Just try to get it recorded somehow, someway, somewhere so that you have evidence when you inform the judge, if you make that choice. If you just have one incident of just a couple of hours of keeping your children, most courts aren’t going to see that as enough to re-visit their order and change the order.
But if the other parent continues to violate, you might have enough to ask for the court to alter, amend, or even suspend the current order and have a new hearing to create a new order. More on this later in this post. Keep reading…
3.5. What other expenses are commonly encountered?
Details, details, details…open ended details can be expensive.
The judge might have ordered standard visitation and made a couple of custom alterations to it. The other side might try to argue over these alterations. Most commonly, the other side will argue over when the new order starts. If the two of you cannot agree on what is ordered, you go back to the judge to tell you what they ordered.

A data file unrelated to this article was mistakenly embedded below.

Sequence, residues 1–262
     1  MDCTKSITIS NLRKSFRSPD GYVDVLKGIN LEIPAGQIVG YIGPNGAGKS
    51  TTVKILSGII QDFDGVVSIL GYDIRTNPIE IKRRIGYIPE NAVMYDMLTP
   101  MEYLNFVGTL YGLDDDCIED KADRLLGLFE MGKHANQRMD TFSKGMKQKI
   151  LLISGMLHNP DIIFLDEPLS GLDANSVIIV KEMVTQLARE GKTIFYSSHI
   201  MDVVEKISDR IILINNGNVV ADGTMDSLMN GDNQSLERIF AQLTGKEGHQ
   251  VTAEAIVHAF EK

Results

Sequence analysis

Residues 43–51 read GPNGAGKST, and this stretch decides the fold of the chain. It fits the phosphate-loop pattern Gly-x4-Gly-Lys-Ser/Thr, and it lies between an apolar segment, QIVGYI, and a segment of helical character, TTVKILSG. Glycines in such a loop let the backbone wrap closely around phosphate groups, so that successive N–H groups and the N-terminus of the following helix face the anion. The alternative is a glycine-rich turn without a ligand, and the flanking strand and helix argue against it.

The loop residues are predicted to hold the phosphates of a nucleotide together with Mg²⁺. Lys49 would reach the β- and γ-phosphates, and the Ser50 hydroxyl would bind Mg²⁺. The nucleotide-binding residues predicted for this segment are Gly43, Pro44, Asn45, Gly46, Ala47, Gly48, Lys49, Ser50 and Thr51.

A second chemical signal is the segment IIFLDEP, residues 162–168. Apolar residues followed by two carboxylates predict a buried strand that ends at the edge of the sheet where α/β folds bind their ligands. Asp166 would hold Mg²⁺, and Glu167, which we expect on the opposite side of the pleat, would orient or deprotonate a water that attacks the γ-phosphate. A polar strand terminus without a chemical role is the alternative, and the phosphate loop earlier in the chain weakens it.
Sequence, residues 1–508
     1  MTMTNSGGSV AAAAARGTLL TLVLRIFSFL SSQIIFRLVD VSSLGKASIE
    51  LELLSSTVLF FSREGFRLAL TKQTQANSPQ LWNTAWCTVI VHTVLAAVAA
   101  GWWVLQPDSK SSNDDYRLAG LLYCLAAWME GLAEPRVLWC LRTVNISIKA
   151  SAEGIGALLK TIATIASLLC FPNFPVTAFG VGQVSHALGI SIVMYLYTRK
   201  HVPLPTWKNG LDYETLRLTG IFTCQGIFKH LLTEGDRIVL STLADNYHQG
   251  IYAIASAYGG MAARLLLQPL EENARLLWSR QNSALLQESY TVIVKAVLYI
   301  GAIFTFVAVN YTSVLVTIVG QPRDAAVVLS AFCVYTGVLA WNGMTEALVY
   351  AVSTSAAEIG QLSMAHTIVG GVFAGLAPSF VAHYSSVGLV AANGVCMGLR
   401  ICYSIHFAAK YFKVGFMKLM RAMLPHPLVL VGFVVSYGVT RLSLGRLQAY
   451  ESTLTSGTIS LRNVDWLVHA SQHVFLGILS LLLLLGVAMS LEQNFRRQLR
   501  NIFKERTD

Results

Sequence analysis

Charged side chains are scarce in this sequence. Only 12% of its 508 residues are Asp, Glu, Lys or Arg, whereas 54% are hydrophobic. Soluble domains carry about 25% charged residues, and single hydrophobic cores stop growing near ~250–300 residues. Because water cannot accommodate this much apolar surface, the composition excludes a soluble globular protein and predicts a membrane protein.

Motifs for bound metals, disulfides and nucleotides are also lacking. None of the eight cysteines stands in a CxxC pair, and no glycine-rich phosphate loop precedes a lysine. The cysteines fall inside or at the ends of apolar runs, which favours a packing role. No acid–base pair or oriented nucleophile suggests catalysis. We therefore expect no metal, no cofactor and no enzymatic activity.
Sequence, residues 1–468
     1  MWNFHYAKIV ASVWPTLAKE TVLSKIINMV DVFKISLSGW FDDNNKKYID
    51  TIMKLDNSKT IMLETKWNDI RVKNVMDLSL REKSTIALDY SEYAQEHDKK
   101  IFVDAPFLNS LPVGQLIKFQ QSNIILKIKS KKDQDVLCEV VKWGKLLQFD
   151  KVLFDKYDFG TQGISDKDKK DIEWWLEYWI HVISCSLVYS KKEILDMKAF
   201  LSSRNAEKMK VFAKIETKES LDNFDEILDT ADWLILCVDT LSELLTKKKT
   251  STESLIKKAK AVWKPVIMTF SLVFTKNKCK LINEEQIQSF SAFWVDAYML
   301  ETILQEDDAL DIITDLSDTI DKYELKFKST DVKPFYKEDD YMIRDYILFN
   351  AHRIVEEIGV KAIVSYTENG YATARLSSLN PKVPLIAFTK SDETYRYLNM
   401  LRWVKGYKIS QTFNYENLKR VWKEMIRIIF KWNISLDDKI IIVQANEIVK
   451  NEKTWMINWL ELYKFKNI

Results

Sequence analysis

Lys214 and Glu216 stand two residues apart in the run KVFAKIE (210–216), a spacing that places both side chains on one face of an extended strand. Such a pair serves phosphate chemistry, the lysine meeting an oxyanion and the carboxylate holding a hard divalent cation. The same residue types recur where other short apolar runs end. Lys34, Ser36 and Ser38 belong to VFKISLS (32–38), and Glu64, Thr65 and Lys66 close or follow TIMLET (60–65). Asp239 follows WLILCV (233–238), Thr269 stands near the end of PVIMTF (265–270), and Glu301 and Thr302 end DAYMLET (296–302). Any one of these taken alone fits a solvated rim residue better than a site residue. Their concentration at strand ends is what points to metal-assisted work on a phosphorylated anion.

Sometimes your attorney will want to order the part of the transcript that recorded what the judge ordered. This can cost several hundred dollars depending on the number of pages of that part of the trial. But it is even more expensive and takes longer to order the entire transcript. You may need that as well as you will see later in this section. But getting the entire transcript can take even longer and will cost eve more. You can even try to get an unofficial transcript from the court reporter. Just tell them that you need it for the drafting of the final order and ask them if they can just e-mail a soft copy of it to you. Watch out for rush charges too.